1989
February 25, 1989
Taran King and Knight Lightning publish PHRACK Issue #24. This issue contains an artice, "Control Office Administration Of Enhanced 911 Service by The Eavesdropper", which leads to an indictment of Knight Lightning early the following year.

August 14, 1989
Daniel T. Depew and Dean Ashley Lambey of Richmond Virginia are arrested on charges of plotting to kidnap, molest and kill a boy in a videotape. The pair initially contact undercover agents via a computer bulletin board service, bringing further attention to the case and considered to be one of the first nationwide computer bulletin board entrapment cases. Ultimately, Depew is sentenced to 33 years in prison and Lambey to 30. While the BBS angle is slight, it is played up significantly in the media, to the point that some papers indicate the pair were pre-selling the snuff film on local computer bulletin boards.

Source August 22, 1989, Washington Post, St. Paul Pioneer Press, Orange County Register

September 4, 1989
Thom Henderson, chairman of the International FidoNet Association, announces that a FidoNet-wide referendum will be presented to all FidoNet sysops over whether to pass control of FidoNet to the IFNA.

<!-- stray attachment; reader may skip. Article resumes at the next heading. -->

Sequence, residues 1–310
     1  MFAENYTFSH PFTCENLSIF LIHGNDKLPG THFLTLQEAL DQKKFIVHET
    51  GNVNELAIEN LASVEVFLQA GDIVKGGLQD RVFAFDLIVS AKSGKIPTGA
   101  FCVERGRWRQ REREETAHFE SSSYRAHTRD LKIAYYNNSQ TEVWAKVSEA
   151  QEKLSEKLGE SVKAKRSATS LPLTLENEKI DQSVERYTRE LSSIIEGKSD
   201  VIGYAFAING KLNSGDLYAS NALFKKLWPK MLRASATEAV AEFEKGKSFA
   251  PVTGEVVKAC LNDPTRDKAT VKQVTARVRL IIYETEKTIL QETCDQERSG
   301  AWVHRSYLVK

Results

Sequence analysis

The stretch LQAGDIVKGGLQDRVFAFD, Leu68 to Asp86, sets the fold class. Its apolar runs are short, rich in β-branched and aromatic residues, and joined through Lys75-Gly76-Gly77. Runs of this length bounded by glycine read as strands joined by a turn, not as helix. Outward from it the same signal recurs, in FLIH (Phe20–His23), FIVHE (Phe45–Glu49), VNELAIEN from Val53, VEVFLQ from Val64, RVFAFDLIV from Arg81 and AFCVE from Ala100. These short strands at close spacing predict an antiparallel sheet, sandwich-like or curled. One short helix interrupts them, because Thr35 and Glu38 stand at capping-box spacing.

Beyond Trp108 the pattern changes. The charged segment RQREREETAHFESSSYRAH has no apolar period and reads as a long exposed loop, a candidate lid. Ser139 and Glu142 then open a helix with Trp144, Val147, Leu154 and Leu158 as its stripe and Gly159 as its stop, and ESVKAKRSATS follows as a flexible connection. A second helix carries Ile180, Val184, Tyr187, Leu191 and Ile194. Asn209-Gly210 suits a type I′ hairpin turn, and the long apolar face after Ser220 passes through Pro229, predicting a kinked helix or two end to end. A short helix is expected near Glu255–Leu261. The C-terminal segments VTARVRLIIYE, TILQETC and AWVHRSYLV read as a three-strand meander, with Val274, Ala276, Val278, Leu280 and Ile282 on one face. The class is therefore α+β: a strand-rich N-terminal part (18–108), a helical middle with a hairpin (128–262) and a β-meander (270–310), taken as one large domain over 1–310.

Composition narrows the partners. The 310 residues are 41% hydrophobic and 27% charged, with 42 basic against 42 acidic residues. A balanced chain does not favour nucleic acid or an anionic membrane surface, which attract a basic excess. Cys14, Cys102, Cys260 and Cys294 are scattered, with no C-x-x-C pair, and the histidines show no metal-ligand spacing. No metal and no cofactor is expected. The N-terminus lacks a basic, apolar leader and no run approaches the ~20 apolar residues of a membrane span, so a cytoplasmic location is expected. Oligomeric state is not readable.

Thom Henderson
     Chairman of the Board (?!?!)
     International FidoNet Association


                              IFNA: Do or Die

     I just got back from  FidoCon'89  late  last  night  (early  this
     morning),  and  right  off the bat the very first thing I want to
     say is that it was a great convention!  Let's  have  a  round  of
     applause  for the gang in the Bay Area for doing such a wonderful
     job!  (clap,  clap,  cheers  from  the  sidelines,  whistles,  et
     cetera)

     There were a lot of good seminars with good speakers, somewhat to
     my  surprise  there  was  a very good after dinner speech by John
     Dvorak after the banquet,  and there were  scads  of  interesting
     people (i.e. sysops) to meet and talk with.  One rather odd thing
     did happen,  though.  Somehow I wound up as Chairman of the Board
     of IFNA.  I'm still not quite sure how/why that happened,  but it
     made  for some interesting experiences (and I'm sure it'll keep a
     couple of echomail conferences from getting too dull in the  next
     few months).

     So what am I going to do as Chairman of the Board?  Not much, and
     mostly it's already done.  A Chairman doesn't do much of anything
     except chair the board meeting (just like the  title  says),  and
     that's  over  (more  on  that in a minute).  The chairman doesn't
     make motions and can't even vote (except to break a tie).

     While I'm on this subject,  let me mention a few  things  that  I
     most  certainly WON'T do.  There were a lot of rumors and a large
     measure of loose talk and fairly brainless gum-flapping going  on
     in a couple of suites about What I'm Going To Do that ought to be
     addressed.

      *  I'm not going to outlaw Wazoo.